Public Involvement in Research: a realist evaluation of approaches, context and outcomes

  • Wilson, Patricia (PI)
  • Goodman, Claire (CoI)
  • Kendall, Sally (CoI)
  • Howe, Amanda (Researcher)
  • Poland, Fiona (Researcher)
  • Staniszweska, Sophie (Researcher)
  • Peckham, Stephen (Researcher)
  • Mathie, Elspeth (Researcher)

Project: Research

Project Details


This study explores the context, processes, mechanisms and impact of patient and public involvement (PPI) in health research. The ReseArch with Patient and Public invOlvement: a RealisT evaluation (RAPPORT) study was conducted 8 years after PPI became an expectation for research projects that are part of the UK
Clinical Research Network (UKCRN) portfolio, and it was therefore timely to assess how embedded PPI is as part of normal research processes.

The RAPPORT study sought to evaluate how different approaches to PPI in research with different populations influence the identification of priorities, research conception, design, process, findings and dissemination. Specifically, it aimed to identify what PPI approaches have applicability across all research
domains, which ones are context specific and whether or not different types of public involvement achieve different outcomes for the research process, findings, dissemination and implementation of PPI.

Layman's description

Plain English summary
It is generally accepted that patient and public involvement (PPI) is ‘a good thing’ and it is now a requirement before most health research is funded. However, there is a need for evidence showing whether or not PPI really makes a difference and, if so, what works and what situations help to create good PPI. This study set out to find that evidence. PPI representatives were involved in this study from start to finish.
We wanted to know:
- what people understood by PPI
- how much and what sort of PPI is in health research
- how PPI changes over time
- the experience of PPI for lay people and researchers
- how PPI works in everyday practice in research teams and organisations
- what impact PPI has on research
- what helps or hinders PPI working well.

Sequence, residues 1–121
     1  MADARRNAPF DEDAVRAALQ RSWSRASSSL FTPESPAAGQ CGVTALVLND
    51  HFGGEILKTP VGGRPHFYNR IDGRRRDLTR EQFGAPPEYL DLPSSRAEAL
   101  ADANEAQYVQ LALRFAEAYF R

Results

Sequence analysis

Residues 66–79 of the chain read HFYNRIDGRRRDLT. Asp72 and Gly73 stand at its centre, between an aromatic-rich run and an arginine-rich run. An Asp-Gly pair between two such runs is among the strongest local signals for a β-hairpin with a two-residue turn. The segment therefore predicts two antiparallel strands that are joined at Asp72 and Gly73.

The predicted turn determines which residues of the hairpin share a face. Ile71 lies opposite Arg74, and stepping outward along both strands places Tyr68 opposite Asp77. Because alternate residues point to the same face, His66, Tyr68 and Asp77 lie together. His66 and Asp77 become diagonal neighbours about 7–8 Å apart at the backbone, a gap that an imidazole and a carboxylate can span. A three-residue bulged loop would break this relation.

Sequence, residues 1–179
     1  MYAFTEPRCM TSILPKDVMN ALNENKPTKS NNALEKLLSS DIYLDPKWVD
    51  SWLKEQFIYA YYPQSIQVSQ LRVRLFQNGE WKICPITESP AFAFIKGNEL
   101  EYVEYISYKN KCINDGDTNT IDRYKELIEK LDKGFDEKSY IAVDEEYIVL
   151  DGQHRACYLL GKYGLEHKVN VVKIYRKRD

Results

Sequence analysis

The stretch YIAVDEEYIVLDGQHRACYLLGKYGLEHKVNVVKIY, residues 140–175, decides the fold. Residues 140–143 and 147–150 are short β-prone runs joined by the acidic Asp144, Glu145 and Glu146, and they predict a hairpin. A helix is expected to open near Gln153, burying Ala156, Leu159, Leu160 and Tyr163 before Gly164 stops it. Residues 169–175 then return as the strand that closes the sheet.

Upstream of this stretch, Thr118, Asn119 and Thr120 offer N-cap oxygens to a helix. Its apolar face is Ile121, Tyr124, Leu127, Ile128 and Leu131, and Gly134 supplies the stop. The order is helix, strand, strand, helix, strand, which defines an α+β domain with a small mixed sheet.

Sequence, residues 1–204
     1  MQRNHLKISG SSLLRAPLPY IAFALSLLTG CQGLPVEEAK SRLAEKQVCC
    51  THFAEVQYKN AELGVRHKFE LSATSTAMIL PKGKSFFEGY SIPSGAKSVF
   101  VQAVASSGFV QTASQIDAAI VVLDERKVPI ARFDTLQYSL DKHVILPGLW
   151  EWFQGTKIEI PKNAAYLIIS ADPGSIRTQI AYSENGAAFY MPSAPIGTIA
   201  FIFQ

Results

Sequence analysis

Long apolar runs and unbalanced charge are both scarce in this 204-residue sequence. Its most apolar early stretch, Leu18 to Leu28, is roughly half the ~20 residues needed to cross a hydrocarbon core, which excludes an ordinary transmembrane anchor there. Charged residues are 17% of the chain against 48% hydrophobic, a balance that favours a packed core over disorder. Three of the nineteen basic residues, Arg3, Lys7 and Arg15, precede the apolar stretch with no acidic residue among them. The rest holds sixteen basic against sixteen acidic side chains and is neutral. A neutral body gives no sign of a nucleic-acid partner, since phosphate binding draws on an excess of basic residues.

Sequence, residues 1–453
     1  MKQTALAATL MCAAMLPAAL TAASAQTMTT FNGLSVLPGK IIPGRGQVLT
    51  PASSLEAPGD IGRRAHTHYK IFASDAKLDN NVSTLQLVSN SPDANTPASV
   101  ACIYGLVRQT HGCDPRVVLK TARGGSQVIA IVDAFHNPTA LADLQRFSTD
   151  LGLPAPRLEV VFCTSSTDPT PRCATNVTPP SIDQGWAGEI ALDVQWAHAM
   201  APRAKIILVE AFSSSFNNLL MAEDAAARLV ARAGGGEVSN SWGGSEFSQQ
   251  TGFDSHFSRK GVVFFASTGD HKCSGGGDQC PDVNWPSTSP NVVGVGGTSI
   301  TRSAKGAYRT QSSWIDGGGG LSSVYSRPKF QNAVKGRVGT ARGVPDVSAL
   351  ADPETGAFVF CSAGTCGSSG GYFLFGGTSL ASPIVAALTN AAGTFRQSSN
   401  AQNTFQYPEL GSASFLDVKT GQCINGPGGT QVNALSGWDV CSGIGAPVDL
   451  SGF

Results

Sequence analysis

Our research looked at cystic fibrosis, arthritis, diabetes mellitus, dementia, public health, and intellectual and developmental disabilities studies in the UK. There were three stages: scoping (looking at research documents), survey (researchers filling in online questionnaires) and case studies. Twenty-two studies were followed for 18 months, with 206 researchers, PPI representatives, funders and network staff interviewed.

Findings showed a range of positive outcomes from PPI. These included identifying research questions and improving recruitment. Good relationships and regular contact between PPI representatives and researchers throughout the study are very important. PPI representatives also need to know if they have
been useful. Researchers tended to get better results if they had people skills, were flexible and offered lots of opportunities for involvement.

Key findings

The study found that patient and public involvement can have positive effects on health research, such as improving recruitment of patients to research studies and shaping research questions. This study identified factors that makes good patient and public involvement more likely, from shared understanding of purpose to having dedicated input from the research team.
Effective start/end date1/04/1130/09/13


  • NIHR - National Institute for Health and Research: £300,608.00


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